"This corps will be a pool of trained men and women sent overseas to help foreign countries meet their urgent needs for skilled manpower," said President Kennedy.
In the 40 years since the Peace Corps was established, thousands have answered Mr. Kennedy's call to serve. Most have been young college graduates looking to aid the less fortunate, while at the same time gaining exposure to the world outside their own.
Let's just say, the demographics have changed.
Today's Peace Corps is far more representative of the diversity that is America. Ten percent of today's volunteers are over age 50. They range from bored corporate executives to retirees looking to give back. Sometimes they're people like Sheryal Valencic who wanted to volunteer when President Kennedy first proposed the idea, but obligations kept her from doing so.
"I also wanted to have children. So I decided I'd have my kids first and then I'd do the Peace Corps when my last child was 18 years old and that's what I did.
Valencic served as a health volunteer in Turkemenistan, 100 miles from the Afghani border. During her 27-month tour overseas, she was paired with a local midwife. Being an older volunteer did have its difficulties, though.
"I was intimidated more by being accepted by the younger volunteers than I was being in the Peace Corps or by locals, because in America there's a large gap between people who are 20 and people who are 50-- and very seldom do they meet (except for maybe a few brief moments at the dinner table.)" said Valencic.
Adding the experience was harder than she thought it would be.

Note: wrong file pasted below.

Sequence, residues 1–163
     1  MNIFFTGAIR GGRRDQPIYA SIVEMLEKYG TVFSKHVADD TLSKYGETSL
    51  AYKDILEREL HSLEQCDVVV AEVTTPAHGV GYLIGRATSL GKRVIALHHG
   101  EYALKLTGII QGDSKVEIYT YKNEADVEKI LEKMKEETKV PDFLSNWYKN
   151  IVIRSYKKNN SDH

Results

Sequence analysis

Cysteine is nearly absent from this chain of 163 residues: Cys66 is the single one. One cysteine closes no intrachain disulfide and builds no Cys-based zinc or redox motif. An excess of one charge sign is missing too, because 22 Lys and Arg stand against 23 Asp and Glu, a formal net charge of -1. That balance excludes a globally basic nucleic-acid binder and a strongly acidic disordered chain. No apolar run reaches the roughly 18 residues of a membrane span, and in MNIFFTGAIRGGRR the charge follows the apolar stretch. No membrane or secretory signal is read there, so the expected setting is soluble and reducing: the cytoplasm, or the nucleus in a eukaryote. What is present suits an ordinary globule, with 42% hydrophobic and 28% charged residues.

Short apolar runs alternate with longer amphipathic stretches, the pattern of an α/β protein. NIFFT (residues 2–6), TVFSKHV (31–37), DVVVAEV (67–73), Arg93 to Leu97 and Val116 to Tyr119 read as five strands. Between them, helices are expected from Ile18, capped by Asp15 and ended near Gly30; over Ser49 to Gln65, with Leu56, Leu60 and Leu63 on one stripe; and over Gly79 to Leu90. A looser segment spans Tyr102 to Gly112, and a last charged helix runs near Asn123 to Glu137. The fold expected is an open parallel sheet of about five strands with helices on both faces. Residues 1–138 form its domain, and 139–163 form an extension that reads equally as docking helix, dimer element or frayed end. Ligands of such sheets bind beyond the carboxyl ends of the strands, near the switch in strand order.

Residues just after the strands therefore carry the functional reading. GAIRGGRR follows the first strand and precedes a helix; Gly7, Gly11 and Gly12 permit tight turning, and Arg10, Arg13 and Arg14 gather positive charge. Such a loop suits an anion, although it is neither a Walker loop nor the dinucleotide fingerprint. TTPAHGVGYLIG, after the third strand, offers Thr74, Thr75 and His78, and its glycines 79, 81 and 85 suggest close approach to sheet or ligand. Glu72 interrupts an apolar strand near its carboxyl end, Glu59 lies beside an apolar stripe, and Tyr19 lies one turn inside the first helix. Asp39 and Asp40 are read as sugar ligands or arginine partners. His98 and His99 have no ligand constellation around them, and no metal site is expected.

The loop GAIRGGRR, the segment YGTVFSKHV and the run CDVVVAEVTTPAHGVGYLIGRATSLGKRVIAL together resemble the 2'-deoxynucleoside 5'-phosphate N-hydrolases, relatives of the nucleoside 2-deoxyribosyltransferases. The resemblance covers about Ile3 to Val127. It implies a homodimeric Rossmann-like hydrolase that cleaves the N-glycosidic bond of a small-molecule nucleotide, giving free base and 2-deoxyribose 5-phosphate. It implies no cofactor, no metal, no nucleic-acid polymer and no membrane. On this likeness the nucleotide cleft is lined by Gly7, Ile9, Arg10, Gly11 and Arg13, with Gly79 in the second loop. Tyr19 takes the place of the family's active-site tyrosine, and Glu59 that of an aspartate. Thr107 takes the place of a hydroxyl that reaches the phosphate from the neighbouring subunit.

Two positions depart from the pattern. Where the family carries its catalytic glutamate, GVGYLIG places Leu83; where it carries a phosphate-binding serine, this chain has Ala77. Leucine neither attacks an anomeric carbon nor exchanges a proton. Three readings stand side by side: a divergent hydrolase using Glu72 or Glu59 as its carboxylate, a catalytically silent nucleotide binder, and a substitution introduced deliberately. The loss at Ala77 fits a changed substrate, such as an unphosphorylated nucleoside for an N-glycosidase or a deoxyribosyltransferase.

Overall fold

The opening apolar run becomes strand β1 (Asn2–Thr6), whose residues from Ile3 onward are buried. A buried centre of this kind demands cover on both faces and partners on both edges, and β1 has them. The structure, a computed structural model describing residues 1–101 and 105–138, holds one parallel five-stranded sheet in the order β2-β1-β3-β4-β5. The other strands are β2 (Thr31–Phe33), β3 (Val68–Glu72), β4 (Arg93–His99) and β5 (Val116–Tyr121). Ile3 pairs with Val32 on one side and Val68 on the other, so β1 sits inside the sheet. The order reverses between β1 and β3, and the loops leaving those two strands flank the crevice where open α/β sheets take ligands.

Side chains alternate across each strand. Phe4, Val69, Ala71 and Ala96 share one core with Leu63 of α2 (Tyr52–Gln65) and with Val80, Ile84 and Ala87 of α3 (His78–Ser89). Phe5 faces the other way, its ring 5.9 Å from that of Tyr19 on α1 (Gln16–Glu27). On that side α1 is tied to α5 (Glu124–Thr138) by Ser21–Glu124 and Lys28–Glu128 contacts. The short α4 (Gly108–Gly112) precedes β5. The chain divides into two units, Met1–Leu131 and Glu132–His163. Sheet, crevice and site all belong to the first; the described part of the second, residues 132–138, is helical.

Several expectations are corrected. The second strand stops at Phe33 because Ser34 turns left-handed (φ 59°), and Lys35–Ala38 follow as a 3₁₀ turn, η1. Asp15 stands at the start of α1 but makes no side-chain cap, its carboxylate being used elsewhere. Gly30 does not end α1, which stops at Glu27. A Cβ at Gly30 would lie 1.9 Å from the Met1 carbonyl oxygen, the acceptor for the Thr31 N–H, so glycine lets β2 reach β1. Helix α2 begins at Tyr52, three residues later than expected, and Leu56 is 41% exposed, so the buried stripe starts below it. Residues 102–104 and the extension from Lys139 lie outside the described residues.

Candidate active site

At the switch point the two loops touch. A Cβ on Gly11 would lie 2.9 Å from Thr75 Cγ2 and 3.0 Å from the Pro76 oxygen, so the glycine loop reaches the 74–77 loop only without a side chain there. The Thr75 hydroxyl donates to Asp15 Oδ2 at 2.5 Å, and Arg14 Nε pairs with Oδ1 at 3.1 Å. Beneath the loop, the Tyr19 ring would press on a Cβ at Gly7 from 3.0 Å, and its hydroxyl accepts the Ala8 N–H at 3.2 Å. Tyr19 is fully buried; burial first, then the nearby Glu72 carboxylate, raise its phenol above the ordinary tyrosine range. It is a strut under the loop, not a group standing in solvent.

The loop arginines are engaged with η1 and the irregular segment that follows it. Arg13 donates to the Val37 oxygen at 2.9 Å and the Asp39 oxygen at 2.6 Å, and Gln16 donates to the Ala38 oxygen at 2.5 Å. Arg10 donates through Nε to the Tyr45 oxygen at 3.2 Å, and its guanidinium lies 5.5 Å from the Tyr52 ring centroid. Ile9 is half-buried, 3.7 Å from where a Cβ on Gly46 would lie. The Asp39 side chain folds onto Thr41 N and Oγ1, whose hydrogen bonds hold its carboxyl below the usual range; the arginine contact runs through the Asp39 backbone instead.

"The living conditions were very, very difficult. The sanitary conditions were horrible. I squatted over a hole for 2 years. I got used to it, but when I first arrived the filth was disgusting. They're living about 50 years behind where we're living," she noted.
Despite the challenges, applications for older volunteers are up. Regional recruiters like Jason Rothbard believe that older recruits add a valuable dimension to the Peace Corps' mission.
"Younger volunteers often think about how Peace Corps is going to look on their resume. They're looking at how many doors Peace Corps's going to open for them when they get back to the US. But the older volunteers aren't as concerned about that. They're really in it for what it's going to do for them--what it's going to do for their own sense of accomplishment, of self-worth, of what they can give back to the world that they've lived in for 50-plus years," said Rothbard.
Paul and Judy Sochat were searching for the right way to repay their good fortune in life. They first considered the Peace Corps 12 years after he retired from his dental practice but were turned down. Undeterred, they reapplied at age 72.
"We've always been active, and this is a chance to fire up the engines again, if you will, and it's something exciting and new, and we think we hopefully have some skills and experience that we can share," said Judy Sochat.
About the adventure, their friends said, "The usual thing what a wonderful thing to do, but I couldn't do it," noted Paul Sochat.
Not only are they doing it, though, they're doing it in a hurry. They just learned that they leave in June for 2 years in Moldova. A long time to be away from family and friends.
"It is frightening. It's exciting, and it's scary and I go up and down everyday. We walked the other morning and I said...'I think I'm hysterical'," said Judy Sochat laughing.
It's that giddy enthusiasm that President Kennedy first thought to channel in 1961. And while Camelot has long since past, Kennedy's vision for a Peace Corps continues to evolve and inspire.
Interested in joining The Peace Corps? Check out their Web site at